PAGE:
The EDSL stuff is another “typed layer that is intended to be used by users of the MLIR APIs”. That is why it is redundant, and only one should stand. If the ultimate approach is to use the EDSL inspired API, then it should be built on top of the OperationState API directly, there isn’t a clear reason it should go through another layer of indirection.

I don’t understand what you’re saying here. Surely you agree that there is a difference in significance between ops and interfaces/passes/accessors. Ops are the primal thing in MLIR and exposed by everything, building generic code over families of them is extremely common. We should be doing more here to make this easier, not less.

I think you’re arguing here for a monolithic builder design that ties all concerns into one API. I don’t think this is a good or scalable approach - we should go for simple things that can be layered/composed on top of each other.

Fair point, but I think we should resolve that by deciding whether it is the right thing to do and apply it uniformly. The signal you’re seeing above is just an indicator that people are not happy with EDSCs. If that is the case, then the right answer is to just replace all uses of them with OpBuilder in tree and remove EDSCs (or sink them into other MLIR derived projects that want them). I would also be very +1 on this, it combines very nicely with the orthogonal goal of “improving OpBuilder”.

I don’t understand this “flip” at all. You’re getting pushback on this thread about various design points you’re proposing to achieve those three goals, so it isn’t clear that we “have to” solve those problems.

I love that you’re pushing the envelope here to try to resolve the fissure between OpBuilder and EDSCs, but I am fairly serious that we should consider the alternate path: just remove EDSCs (replacing with direct use of OpBuilder), and then continue a discussion of improving OpBuilder. The fork in the universe is really a separable problem from the “how do we get the best builder API possible”.

I can’t see any strong argument that we should remove OpBuilder and keep EDSCs given the compile time and many other pushbacks that people have raised.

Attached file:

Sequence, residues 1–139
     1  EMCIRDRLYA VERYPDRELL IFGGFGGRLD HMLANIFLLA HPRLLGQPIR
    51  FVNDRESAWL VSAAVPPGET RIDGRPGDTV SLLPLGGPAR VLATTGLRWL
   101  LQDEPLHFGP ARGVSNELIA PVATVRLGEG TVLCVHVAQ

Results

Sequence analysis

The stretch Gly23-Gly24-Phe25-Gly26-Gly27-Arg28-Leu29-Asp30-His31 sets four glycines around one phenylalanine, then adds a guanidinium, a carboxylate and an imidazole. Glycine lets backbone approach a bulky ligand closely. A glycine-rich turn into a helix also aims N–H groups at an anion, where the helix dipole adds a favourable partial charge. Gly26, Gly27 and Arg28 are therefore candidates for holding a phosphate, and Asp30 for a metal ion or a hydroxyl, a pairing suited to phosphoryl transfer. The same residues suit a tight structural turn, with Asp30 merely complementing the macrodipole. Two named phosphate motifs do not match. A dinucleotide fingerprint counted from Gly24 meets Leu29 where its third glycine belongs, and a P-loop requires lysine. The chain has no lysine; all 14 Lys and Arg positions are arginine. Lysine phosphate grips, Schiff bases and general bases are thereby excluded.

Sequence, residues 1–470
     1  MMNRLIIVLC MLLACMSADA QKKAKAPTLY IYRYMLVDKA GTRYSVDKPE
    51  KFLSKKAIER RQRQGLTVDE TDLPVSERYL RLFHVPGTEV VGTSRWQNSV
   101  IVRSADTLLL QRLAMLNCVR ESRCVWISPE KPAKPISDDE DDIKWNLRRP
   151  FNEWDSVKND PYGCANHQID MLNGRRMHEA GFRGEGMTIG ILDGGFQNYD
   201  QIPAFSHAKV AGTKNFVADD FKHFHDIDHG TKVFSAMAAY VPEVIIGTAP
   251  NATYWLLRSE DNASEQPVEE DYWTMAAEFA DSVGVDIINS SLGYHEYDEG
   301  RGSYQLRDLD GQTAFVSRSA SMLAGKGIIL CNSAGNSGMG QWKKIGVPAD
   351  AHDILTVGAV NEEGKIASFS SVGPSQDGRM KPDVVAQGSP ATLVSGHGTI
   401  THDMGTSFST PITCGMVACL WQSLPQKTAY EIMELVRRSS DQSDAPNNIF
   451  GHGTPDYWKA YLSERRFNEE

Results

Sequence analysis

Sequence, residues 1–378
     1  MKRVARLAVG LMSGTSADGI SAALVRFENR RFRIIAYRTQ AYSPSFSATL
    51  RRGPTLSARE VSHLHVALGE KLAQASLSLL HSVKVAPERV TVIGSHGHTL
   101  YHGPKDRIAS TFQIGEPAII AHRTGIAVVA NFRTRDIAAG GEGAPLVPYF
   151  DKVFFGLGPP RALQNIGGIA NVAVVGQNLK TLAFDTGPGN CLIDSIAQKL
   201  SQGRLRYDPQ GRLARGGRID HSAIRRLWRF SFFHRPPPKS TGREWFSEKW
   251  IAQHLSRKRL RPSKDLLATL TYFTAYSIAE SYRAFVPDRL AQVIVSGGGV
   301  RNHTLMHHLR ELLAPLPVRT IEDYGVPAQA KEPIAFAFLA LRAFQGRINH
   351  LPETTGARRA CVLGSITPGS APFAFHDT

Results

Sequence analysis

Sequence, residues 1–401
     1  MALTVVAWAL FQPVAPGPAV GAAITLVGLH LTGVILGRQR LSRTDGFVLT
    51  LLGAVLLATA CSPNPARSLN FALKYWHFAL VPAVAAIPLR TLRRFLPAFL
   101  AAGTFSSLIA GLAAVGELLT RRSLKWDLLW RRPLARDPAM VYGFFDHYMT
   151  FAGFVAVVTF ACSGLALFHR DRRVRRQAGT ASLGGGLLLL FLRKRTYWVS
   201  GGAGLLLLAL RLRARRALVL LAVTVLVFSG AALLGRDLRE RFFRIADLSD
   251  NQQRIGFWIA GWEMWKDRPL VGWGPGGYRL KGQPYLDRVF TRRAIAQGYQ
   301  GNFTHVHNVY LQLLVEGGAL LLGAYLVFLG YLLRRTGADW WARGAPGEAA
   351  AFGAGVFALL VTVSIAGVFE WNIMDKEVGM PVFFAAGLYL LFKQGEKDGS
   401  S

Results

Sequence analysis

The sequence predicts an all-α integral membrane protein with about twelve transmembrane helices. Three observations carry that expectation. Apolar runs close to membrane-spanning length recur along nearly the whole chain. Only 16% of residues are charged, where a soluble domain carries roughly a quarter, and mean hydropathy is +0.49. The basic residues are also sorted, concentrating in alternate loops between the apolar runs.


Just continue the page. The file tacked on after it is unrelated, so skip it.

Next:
Here’s another idea on how to make incremental progress here:

It has been observed that some use-cases would benefit from a builder that makes the location implicit at the create site: the location is a mutable part of the state in the builder itself. This is controversial because some of us want to make sure that location processing is thought through and would like to put some burden on compiler engineers to do the right thing with locations. OTOH, it is clearly useful for specific design patterns, including entire passes that work in a structured way for which this makes sense, as well as the primary EDSC use case of “splat out a bunch of IR” which presumably comes from one location.

I think we can have the best of both worlds here with the existing opbuilder stuff. I think we keep OpBuilder the way it currently is - it supports creation of arbitrary IR nodes, requires the location to be explicit in the create call, and is the thing that is generally passed around between the core parts of the compiler.

To solve for the use-case above, we introduce the new ImplicitLocOpBuilder described above. This allows clients with the structured creation logic to opt-in to implicit location handling.

I think this covers both bases well. WDYT?


Hi all,

I implemented the ImplicitLocOpBuilder concept in CIRCT and we’ve been using it for some time now. It works well, so I think it would be useful to upstream it to MLIR. Here is a patch that does so, I’d appreciate feedback and review, thanks!